The Man, The Legend, The Interview: William Shatner, Part 1
William Shatner is a blur. On a crazy-busy day for the Star Trek legend, we caught up with him for a fast, furious and informative phoner squeezed in between a meeting and a photo shoot. Call it the interview equivalent of a speed date, but we covered a lot of ground, including the upcoming Shatnerpalooza event on EPIX, his eagerly anticipated Captains documentary, the possibility of him appearing in the next Star Trek feature, his regrets about letting the beloved James T. Kirk perish in Star Trek: Generations, and much more. Below is part one of our exclusive interview, and be sure to check back tomorrow for part two.
Let’s start with The Captains, which you produced and directed, and which will premiere on July 22. Heading into it, what were you expecting? And what were you surprised to discover as a result of doing it?
Shatner: Well, the fascinating part of doing documentaries is that you don’t know quite what it is that you’re going to get. In fact, there is a tremulous fear that you’re not going to get anything. So it’s really a process of discovery, and it’s a creative discovery because you have to respond to the thing that’s happening in front of you as it’s happening, right in front of the camera. Your intuition and instincts have to get sensitized so that you can pick up a story and a possible thread that could go through the documentary. You do all that, but you don’t know what that thread is yet because you haven’t gone there. You can do research and you can think about the possibilities of what you may find, but the exultant effect of a good documentary is that you happen on upon the thing. If it’s nature shooting and you’re filming animals, you’ve got something if suddenly a wonderful event takes place in front of your camera, something that you could not have scripted. And that’s what you hope for in front of a documentary camera.
So what along those lines happened on The Captains? What revealed itself as the thread that will give viewers that exultant effect you just described?
Shatner: The first thing is that I got to talk to the other five (Star Trek) captains, to Patrick (Stewart) and Avery (Brooks) and Kate (Mulgrew) and to Scott (Bakula) and Chris (Pine), and I discovered traits and tendencies and similarities between all of us that I was able to expand on and explore. And, most critically, I discovered an evolution of my own feelings that came as a result of talking to the people in the documentary. So I found myself within the discovery while I was discovering.
Give us one sentence each about your experiences meeting and interacting with Stewart, Brooks, Mulgrew, Bakula and Pine…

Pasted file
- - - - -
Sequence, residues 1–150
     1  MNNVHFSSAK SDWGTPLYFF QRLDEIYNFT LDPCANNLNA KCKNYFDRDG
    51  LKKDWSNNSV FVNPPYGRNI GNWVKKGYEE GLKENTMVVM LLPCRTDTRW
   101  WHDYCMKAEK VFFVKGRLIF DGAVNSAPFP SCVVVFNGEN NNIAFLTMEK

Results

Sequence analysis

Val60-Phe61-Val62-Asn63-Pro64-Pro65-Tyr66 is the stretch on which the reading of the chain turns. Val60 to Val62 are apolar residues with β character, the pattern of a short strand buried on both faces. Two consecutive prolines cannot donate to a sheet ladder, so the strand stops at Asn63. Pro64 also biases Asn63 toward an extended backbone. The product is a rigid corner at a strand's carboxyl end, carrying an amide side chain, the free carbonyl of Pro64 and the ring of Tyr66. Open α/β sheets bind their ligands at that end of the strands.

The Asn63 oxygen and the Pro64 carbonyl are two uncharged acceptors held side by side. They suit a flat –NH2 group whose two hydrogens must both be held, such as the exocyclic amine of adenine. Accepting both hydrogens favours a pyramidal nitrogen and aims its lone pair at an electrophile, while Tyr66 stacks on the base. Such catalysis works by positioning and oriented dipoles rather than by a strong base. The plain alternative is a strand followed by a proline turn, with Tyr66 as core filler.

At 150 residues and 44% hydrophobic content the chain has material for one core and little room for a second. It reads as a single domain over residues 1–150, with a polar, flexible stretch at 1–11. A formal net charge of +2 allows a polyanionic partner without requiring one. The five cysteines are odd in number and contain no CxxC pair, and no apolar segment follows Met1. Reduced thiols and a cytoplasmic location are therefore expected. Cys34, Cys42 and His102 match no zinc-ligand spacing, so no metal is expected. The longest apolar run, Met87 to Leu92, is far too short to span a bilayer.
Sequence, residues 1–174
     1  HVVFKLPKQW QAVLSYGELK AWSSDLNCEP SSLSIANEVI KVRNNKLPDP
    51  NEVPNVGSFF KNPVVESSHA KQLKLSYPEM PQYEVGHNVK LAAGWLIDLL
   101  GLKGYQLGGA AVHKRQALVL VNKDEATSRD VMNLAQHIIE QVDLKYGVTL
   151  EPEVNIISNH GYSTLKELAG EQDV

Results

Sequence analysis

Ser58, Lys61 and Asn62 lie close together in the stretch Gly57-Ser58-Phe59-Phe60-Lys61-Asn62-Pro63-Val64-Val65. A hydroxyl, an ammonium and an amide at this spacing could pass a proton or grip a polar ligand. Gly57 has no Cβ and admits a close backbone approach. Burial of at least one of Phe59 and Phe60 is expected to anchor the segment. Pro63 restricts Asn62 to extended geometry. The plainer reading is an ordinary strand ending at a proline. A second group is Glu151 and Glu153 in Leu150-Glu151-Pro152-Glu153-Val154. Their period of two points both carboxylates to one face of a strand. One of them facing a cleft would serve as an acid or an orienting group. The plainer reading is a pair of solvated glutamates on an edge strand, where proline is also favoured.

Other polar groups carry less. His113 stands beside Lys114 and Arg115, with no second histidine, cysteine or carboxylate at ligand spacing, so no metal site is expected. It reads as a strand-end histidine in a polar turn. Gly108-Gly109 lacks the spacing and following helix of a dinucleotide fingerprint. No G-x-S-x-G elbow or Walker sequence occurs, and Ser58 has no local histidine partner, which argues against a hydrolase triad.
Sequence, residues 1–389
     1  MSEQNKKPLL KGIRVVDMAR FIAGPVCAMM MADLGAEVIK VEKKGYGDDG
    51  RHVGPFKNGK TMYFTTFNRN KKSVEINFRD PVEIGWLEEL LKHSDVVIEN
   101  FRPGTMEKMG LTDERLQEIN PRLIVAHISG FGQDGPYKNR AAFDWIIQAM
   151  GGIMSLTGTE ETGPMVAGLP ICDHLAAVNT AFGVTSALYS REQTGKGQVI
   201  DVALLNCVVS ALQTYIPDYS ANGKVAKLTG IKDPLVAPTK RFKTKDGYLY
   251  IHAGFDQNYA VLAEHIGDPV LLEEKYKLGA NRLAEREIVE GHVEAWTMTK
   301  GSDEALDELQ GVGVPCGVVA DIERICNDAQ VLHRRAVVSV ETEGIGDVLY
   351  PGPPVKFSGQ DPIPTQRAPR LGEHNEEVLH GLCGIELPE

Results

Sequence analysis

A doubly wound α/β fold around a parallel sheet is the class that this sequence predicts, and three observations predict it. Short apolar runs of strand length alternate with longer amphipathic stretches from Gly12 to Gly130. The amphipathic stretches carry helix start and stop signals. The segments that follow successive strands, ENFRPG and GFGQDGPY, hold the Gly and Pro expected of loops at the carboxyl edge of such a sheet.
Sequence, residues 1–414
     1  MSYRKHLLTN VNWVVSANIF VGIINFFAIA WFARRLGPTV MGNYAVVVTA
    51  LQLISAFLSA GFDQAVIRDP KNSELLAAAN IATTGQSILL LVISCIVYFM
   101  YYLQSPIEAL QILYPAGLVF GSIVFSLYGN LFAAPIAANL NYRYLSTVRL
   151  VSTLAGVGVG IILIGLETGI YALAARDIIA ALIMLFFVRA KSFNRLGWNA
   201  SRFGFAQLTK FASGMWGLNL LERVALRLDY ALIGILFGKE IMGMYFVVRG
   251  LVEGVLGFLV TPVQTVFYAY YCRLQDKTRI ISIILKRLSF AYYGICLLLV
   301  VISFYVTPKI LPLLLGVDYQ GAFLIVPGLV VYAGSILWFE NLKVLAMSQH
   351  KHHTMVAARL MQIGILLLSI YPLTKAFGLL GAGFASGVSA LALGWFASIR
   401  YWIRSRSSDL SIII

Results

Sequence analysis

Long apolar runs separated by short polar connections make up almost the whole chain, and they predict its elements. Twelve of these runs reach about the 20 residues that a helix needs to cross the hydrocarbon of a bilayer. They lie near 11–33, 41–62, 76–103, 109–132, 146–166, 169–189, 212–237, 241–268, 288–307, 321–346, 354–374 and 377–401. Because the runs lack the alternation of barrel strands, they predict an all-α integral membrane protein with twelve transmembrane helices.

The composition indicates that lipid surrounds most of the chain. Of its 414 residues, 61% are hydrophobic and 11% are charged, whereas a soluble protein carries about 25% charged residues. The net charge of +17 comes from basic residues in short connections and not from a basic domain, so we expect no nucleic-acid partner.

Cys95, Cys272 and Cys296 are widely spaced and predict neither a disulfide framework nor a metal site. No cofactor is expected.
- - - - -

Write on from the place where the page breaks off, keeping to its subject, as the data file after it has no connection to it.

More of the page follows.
Shatner: Patrick spoke to me as deeply and in as affecting a tone as he ever has anywhere, in my experience. Avery was a delight, and he spoke to me in musical terms. Kate was magnificent and dignified and revealed herself more emphatically than I could have hoped for. Scott Bakula was as jovial and as warm as one would have expected, and then just specks of heartache emerged. And Chris Pine was a young prince among us all, elegant and youthful and hopeful and blessed with all his obvious talent.
Now that it’s finished and done, what do you hope people will take away from investing their time in watching The Captains?
Shatner: (I hope they’ll take away a) deeper insight into six people than they’ve ever had before and the realization of the humanity of everybody. I think it’s an exciting discovery process, a voyage of discovery that I think the audience will enjoy coming on with me.
The Captains is part of the Shatnerpalooza extravaganza that EPIX is presenting. What other elements of Shatnerpalooza are you pleased that audiences will get a chance to see?
Shatner: EPIX pay-per-view is premiering themselves and have chosen to use me as their opening act, and I’m delighted to do so. I’m introducing two documentaries. One of them is The Captains and the other one is William Shatner’s Gonzo Ballet, which is an award-winning documentary I made about the staging of a ballet to six songs that I wrote (for his album, Has Been). So, those two elements, along with other things and older films that I’ve appeared in or directed or had something to do with, make a sort of heralding of EPIX. To have 48 hours of me is too much even for me, but maybe if you come at it one day at a time it won’t be too much for you.
You stated at a convention pretty recently that you will not be in the next Star Trek feature. But if J.J. Abrams called you tomorrow and asked you to participate, how willing would you be to at least meet and hear the man out?
Shatner: I would probably trip on my way out the door to fall at his feet.